It’s because I have an ophthalmologist who has such a positive outlook on what he is doing for my macular degeneration, or perhaps it’s because I don’t want to disappoint him in his belief in my continuing eye health But I have completely changed my diet and now think that I too am contributing towards not only living with AMD but helping it from becoming worse.
Once I tried radish leaves in salads and started talking about it to friends, I learned others, with and without AMD, who have tried leaves of other root vegetables.
One friend gave me a recipe for eggplant that makes this purple vegetable that is so great for eye health, simply delicious even if you think you don’t like eggplant!
She also prepares her beet leaves like spinach, washing the leaves well, slicing them a bit, then sauteing them in olive oil until soft. I tried it with feta cheese mixed in, she added cranberries to hers. Both are great treats.
Beet leaves, like beets themselves, are full of fiber, great for glaucoma because they lower intraocular eye pressure, and cranberries are loaded with vitamins A and C and we already know they’re great. Both are also good in combating cataracts.
Now try this: Eggplant Bacon. Don’t make those faces, read the recipe first, try it once, You’ll end up smiling!
Preheat oven to 300 degrees and line two baking sheets with parchment.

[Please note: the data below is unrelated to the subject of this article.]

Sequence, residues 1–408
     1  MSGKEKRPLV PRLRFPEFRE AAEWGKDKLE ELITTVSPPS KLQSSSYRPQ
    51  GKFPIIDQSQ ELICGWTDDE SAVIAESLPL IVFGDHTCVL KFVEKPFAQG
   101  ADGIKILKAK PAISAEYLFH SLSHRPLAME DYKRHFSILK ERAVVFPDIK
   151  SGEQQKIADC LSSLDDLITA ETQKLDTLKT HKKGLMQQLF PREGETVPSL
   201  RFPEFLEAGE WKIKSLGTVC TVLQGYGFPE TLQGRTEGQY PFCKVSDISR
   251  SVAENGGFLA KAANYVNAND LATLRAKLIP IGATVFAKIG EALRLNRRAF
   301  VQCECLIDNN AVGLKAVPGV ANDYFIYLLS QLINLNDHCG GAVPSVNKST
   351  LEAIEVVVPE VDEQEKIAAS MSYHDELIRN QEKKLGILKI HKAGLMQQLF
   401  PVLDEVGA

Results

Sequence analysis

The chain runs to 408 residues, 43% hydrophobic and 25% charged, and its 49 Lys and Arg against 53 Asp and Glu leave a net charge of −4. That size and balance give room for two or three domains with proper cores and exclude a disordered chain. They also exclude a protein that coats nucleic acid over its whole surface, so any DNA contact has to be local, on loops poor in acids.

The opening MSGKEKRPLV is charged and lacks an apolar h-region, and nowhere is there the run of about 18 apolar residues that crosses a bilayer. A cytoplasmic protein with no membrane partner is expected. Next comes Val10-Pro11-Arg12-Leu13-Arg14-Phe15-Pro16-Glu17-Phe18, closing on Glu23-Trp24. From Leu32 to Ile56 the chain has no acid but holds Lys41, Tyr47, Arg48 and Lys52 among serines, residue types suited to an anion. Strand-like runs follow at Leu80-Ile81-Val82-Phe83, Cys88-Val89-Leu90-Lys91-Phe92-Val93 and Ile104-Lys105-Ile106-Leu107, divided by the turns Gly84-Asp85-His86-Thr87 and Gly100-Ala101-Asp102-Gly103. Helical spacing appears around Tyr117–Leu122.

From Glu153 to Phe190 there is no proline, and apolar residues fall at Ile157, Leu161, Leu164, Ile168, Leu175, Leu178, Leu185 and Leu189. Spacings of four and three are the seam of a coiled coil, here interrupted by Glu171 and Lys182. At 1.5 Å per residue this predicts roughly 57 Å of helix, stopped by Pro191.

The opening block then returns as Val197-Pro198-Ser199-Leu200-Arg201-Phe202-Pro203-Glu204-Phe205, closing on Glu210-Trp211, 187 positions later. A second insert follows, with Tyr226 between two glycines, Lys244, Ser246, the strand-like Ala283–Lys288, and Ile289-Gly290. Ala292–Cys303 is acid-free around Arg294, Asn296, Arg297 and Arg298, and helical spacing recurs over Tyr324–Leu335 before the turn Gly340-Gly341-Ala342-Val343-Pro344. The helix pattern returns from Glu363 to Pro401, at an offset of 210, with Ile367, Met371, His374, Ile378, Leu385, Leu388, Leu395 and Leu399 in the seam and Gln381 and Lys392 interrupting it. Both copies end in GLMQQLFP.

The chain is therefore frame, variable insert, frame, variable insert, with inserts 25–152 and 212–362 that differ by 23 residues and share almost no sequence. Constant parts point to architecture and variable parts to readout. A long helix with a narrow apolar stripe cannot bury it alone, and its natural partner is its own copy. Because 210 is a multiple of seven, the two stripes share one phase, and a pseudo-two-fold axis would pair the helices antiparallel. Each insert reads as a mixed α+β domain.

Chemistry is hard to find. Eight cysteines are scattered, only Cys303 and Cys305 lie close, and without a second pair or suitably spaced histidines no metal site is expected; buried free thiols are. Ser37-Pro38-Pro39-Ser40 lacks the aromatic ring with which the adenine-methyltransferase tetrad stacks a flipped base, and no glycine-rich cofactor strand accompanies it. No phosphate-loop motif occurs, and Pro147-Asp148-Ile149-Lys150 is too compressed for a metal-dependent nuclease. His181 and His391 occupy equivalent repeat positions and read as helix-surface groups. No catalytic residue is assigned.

Cut 1 medium sized eggplant into quarters, Slice each quarter into long, thin strips. (A mandolin is perfect, even a vegetable peeler will work. It’s thin slices you really want to achieve.) Place strips on sheets.
In a bowl, mix Tbsp. olive oil, 2 Tbsp soy sauce, 1 tsp maple syrup, ½ t. paprika., Brush on both sides of the eggplant strips. Season with freshly ground pepper to your taste.
Bake about 45 minutes, or until strips get to the crispiness you like in bacon. (Mine is great at about 50 minutes.)
Eggplant is extremely great for eyesight. It’s a purple vegetable which means lot of lutein, an antioxidant, always a good thing. It has one of the two carotenoids which protect the color pigments of your eyes, and they’re the filters that protect them, so it’s all a pretty darn good thing, even worth developing a taste for eggplant…just once anyway!
I’m not a great cook since I became a widow 15 years ago and ended my cooking with a loved one that added so much to any lunch or dinner. But I’ve developed some great short cuts I really like.
For instance, if I don’t want to cook beets, or can’t get them out of season, I simply buy canned beets, drain and wash them. I save the juice from jars of pickles, and when the pickles are gone, simply dump the beets, either whole or sliced, into the pickle juice, refrigerate, and voila! Within a week, I have pickled beets! And yes, they get better the longer they sit!
While I am having so much fun trying all these new vegetables and ways to prepare them, I’m causing a bit of good-natured consternation with my daughter, who, of course, never saw any of this action at home when she was growing up. Her question these days, with artificial laughter and inquiry? “Who is this woman, and what have you done with my mother?” But, like my son, she’s thrilled with the change!